- In Swift Creek Mill's bouncy Christmas musical, Katrinah Lewis (third from left) wonders who put the bomp in the shama lama ding dong. Fellow Wonderettes Aly Wepplo, Georgia Rogers Farmer and Anna Starnes offer their own backup analysis.
Swift Creek Mill's holiday musical, “The Winter Wonderettes,” is set in 1968, but if you expect echoes of the “Summer of Love” in this show you'll be disappointed. Instead of go-go boots, miniskirts and Woodstock-era rock, this show offers a cavalcade of holiday tunes performed in expertly arranged harmonies, an engaging if slight story, and perky, powder-blue party dresses.
While it's a little dispiriting that the show's women have no higher aspirations than landing a good man, within the confines of the feel-good jukebox musical, this production hits all of the right notes.
Perhaps it just took longer for 1960s counterculture to reach Springfield, Ohio, where the girl group, the Marvelous Wonderettes, have been asked to brighten up the Harper's Hardware Store Christmas party (evoked via a detail-rich set designed by the production's director, Tom Width). Between classics such as “Jingle Bell Rock” and “Winter Wonderland” we get a smattering of background on each girl. Though Betty Jean (Georgia Rogers Farmer) is the group's apparent leader, she's despondent because of her beau's recent departure, leaving newly married Missy (Katrinah Carol Lewis) to actually run the show. The sleep-deprived and slightly ditsy Suzy (Aly Wepplo) has a set of 6-month old twins at home, while Cindy Lou (Anna Starnes) is unlucky in love and had a moderately hardscrabble childhood.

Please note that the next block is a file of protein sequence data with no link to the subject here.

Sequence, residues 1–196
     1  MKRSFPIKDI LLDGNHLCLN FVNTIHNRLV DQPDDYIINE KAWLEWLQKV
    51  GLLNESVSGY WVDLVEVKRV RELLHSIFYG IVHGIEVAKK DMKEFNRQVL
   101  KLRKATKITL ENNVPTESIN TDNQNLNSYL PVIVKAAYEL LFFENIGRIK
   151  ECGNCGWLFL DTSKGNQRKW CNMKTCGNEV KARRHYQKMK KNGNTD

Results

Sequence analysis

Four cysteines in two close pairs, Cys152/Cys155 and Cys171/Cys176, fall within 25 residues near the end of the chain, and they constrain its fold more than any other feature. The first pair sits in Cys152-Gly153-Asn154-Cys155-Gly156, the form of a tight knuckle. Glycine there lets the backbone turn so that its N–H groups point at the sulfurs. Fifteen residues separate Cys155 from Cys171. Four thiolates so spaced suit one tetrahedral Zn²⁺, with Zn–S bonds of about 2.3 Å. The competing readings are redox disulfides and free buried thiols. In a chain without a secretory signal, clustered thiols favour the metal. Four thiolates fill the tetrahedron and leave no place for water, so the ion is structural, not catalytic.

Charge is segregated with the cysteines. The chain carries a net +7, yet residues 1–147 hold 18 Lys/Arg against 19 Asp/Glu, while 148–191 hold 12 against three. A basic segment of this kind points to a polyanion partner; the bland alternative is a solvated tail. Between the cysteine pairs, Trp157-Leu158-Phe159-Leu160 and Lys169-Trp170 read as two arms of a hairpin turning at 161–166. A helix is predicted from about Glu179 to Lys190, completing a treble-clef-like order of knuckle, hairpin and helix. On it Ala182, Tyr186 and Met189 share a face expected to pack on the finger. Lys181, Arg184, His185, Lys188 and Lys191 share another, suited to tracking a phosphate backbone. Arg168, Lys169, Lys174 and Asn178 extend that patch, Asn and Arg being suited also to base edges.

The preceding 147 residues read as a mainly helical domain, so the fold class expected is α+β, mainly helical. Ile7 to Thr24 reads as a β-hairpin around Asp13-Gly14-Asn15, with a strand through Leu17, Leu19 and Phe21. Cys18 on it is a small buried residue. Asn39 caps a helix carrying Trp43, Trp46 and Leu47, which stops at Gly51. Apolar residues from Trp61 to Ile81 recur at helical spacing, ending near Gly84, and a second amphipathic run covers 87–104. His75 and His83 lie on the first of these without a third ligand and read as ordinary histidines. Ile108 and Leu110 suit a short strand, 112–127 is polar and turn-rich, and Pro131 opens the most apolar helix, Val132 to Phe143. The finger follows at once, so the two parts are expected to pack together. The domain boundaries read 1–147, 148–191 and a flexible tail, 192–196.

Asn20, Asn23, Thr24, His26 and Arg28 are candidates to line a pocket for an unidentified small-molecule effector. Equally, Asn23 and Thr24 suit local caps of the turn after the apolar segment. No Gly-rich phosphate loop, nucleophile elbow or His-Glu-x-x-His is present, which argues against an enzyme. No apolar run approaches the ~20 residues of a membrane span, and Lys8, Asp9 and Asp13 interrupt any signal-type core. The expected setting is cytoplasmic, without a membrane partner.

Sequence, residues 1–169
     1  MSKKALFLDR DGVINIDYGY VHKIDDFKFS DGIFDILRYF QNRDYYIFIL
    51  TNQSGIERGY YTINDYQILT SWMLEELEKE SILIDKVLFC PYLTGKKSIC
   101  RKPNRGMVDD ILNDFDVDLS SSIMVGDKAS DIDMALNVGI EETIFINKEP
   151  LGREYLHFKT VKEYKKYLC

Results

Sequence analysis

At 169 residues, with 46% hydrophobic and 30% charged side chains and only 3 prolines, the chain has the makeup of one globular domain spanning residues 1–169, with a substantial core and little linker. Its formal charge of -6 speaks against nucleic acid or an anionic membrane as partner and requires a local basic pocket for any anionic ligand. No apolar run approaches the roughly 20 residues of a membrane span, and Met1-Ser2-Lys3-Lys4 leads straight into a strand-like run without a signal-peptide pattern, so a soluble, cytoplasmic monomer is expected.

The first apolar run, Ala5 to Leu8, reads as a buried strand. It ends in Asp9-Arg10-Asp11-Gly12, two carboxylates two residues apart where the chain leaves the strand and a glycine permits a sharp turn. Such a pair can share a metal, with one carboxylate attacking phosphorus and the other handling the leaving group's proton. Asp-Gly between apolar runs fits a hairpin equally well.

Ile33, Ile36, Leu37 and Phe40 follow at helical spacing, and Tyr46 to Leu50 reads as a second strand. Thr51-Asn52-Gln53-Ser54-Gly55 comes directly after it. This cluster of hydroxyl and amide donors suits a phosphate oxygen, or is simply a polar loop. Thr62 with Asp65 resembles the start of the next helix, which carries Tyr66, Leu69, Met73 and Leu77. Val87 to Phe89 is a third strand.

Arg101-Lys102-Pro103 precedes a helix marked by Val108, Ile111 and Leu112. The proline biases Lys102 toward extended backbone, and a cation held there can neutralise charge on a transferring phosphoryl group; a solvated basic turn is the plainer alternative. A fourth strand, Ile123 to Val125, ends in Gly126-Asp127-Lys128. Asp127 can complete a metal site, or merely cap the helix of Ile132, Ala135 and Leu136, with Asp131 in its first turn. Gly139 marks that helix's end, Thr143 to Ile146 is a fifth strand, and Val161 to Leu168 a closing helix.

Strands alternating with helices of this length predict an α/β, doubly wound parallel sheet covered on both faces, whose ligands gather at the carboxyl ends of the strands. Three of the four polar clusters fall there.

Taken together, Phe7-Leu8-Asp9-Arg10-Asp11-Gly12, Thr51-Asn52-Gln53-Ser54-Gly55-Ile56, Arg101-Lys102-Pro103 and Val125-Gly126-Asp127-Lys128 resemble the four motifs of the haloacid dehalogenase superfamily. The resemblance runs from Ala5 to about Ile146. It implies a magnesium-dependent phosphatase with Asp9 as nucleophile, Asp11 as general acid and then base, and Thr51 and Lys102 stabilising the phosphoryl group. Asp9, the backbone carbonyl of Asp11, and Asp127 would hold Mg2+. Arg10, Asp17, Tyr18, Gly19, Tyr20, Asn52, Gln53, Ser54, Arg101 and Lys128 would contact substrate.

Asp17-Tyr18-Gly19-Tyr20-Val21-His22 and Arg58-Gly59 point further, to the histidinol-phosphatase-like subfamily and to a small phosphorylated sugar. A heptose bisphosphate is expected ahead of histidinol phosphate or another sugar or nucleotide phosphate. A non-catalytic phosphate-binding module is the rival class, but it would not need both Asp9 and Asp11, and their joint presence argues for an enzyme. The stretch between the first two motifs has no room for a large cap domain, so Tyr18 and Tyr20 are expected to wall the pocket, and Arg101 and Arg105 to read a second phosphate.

The actors' voices blend astonishingly well and, with the spare but adroit backing of musical director Paul Deiss and his three-piece combo, every song is a delight. An unexpected turn toward melancholy before intermission allows Farmer to deliver the most affecting song of the night, “Christmas Will Be Just Another Lonely Day.” Starmes' voice doesn't have
Farmer's strength but its clear tone buoys “All Those Christmas ClichAcs.” Wepplo applies her accomplished comic touch to “Suzy Snowflake” and Lewis lends a whiff of soul to “Santa Baby,” a tantalizing indication of what she could deliver if let loose on a whole slate of R&B tunes.
The show tries to build some sense of tension around a surprise announcement from the owner of the hardware store but it is a couple of entertaining audience participation bits near the end that really propel the show from good to great. Where the script (by Roger Bean) doesn't provide any real depth, the cast fills it in with charm. The result won't challenge your mind but it will certainly warm your heart.
“Winter Wonderettes” plays through Dec. 31 at Swift Creek Mill Playhouse. Go to SwiftCreekMill.com or call 748-5203 for tickets and information.